A good storyline—for any story about anything—is basically this: A wants B, but C gets in the way. We are "A." The limousine is "B" and represents something we (supposedly) want in life: the high life, success, stature, the chance to be someone else for a few hours. "C" is the realization that, in the end, you cannot make yourself into something you are not simply because you can step in and out of a limo. Who you are begins and ends with how large your heart is, not how long your car is.

When I was at Juilliard, my parents lived in Michigan and I would fly home on holidays. A taxi ride from the Upper West Side of Manhattan to La Guardia Airport in the mid-1980s was around $20, if I remember correctly. One day, a flyer was slipped under my apartment door for a car service to the airport. There were three choices: private car ($17), luxury car ($19), and limousine ($24). I happened to be traveling home the next day, so I called the number.

"What's the difference between all three cars?" I asked the person with the thick Brooklyn accent.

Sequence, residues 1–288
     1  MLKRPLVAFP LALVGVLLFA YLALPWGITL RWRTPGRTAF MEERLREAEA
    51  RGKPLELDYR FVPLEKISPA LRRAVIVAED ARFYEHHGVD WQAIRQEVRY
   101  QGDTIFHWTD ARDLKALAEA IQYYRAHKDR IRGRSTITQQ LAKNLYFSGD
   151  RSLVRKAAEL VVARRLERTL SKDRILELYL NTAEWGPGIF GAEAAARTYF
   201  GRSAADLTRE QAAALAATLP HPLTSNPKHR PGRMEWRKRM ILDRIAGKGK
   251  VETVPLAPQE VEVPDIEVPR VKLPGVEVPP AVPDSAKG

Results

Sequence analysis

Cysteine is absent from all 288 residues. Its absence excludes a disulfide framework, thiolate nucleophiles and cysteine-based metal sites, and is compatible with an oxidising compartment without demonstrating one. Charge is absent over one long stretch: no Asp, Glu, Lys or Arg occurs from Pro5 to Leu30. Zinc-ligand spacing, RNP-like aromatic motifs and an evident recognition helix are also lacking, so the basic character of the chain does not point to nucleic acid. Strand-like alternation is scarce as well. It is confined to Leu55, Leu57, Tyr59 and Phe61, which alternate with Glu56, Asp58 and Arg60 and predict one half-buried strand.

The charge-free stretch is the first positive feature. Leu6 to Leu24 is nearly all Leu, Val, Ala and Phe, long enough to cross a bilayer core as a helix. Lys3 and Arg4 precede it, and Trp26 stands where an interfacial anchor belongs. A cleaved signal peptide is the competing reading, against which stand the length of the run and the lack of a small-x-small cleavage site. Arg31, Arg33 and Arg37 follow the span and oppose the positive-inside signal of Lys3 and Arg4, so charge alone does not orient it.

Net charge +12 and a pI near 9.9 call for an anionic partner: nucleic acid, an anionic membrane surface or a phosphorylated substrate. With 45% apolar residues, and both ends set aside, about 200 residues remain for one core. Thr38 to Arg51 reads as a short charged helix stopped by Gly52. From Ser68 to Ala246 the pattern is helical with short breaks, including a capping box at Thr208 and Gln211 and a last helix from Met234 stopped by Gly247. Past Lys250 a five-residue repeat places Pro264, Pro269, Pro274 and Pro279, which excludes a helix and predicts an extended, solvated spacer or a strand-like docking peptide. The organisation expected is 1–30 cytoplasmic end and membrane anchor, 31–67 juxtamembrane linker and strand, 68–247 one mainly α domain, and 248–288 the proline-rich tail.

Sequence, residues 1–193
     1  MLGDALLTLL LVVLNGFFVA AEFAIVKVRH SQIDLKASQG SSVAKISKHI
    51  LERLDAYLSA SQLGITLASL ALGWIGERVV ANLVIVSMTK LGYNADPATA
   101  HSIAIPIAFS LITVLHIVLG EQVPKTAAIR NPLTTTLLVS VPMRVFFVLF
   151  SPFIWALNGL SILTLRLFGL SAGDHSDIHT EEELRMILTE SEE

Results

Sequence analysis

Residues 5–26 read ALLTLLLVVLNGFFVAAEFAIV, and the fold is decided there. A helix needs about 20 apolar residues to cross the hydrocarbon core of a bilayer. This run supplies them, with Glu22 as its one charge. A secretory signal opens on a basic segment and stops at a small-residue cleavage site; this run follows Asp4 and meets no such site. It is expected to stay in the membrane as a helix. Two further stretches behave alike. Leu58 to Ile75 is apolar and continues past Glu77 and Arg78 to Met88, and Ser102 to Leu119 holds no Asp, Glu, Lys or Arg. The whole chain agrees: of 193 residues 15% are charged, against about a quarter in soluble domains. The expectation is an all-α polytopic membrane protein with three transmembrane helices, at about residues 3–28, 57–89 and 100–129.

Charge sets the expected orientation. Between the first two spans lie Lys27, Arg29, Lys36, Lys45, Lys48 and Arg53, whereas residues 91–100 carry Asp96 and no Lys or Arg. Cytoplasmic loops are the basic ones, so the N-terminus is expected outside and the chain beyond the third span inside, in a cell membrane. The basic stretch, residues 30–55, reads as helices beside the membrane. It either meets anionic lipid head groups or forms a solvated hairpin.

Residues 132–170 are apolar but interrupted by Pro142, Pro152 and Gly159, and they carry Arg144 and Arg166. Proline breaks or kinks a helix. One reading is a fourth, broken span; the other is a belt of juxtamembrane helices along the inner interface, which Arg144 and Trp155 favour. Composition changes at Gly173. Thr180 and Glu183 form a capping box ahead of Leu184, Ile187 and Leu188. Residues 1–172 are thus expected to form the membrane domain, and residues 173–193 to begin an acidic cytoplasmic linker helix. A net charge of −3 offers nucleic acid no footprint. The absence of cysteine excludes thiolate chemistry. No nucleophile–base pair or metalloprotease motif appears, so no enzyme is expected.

"One's a car, one's a longer car, one's a limo."

"The middle one -- how much longer is it?"

"It's like a car. But it's a more luxurious car. A longer car. But not a limo."


I didn't want a limo, which would feel and look ridiculous. But for some reason I felt like treating myself the extra two dollars to upgrade from a private car to a luxury car. Somehow, the notion of a "longer car" made me feel good. It would make me feel slightly more important, yet not snooty. I had worked hard all semester and the price was still less than a taxi. I reserved it.

The next day, sure enough, a black car waited for me in front of my apartment building. It was just as advertised: It was like a car, only longer, but not a limo. I climbed in.

The back seat was like a regular back seat of a car, but there was more legroom. Because my feet had nothing to rest on, I put my bag on the floor and pushed them against it. The driver began speaking to me.